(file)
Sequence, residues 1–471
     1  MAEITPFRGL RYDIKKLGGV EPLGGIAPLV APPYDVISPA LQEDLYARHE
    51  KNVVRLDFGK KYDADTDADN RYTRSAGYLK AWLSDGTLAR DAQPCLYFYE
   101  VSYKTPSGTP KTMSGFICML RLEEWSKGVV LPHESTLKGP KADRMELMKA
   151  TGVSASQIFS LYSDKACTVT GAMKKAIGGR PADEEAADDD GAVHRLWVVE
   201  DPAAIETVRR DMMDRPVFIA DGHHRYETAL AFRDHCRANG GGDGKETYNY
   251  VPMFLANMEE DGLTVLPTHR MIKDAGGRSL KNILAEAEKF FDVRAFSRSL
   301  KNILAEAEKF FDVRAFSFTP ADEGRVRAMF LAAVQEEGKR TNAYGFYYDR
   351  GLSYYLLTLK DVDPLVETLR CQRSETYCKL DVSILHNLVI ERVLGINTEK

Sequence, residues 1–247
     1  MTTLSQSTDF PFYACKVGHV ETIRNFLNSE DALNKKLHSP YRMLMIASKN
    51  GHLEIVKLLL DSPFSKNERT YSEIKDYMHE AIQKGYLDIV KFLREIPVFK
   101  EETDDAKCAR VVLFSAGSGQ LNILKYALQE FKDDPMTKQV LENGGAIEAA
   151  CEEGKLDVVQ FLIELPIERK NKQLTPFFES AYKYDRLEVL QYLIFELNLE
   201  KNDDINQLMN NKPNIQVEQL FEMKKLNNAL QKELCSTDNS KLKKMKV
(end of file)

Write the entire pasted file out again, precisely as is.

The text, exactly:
Sequence, residues 1–471
     1  MAEITPFRGL RYDIKKLGGV EPLGGIAPLV APPYDVISPA LQEDLYARHE
    51  KNVVRLDFGK KYDADTDADN RYTRSAGYLK AWLSDGTLAR DAQPCLYFYE
   101  VSYKTPSGTP KTMSGFICML RLEEWSKGVV LPHESTLKGP KADRMELMKA
   151  TGVSASQIFS LYSDKACTVT GAMKKAIGGR PADEEAADDD GAVHRLWVVE
   201  DPAAIETVRR DMMDRPVFIA DGHHRYETAL AFRDHCRANG GGDGKETYNY
   251  VPMFLANMEE DGLTVLPTHR MIKDAGGRSL KNILAEAEKF FDVRAFSRSL
   301  KNILAEAEKF FDVRAFSFTP ADEGRVRAMF LAAVQEEGKR TNAYGFYYDR
   351  GLSYYLLTLK DVDPLVETLR CQRSETYCKL DVSILHNLVI ERVLGINTEK

Sequence, residues 1–247
     1  MTTLSQSTDF PFYACKVGHV ETIRNFLNSE DALNKKLHSP YRMLMIASKN
    51  GHLEIVKLLL DSPFSKNERT YSEIKDYMHE AIQKGYLDIV KFLREIPVFK
   101  EETDDAKCAR VVLFSAGSGQ LNILKYALQE FKDDPMTKQV LENGGAIEAA
   151  CEEGKLDVVQ FLIELPIERK NKQLTPFFES AYKYDRLEVL QYLIFELNLE
   201  KNDDINQLMN NKPNIQVEQL FEMKKLNNAL QKELCSTDNS KLKKMKV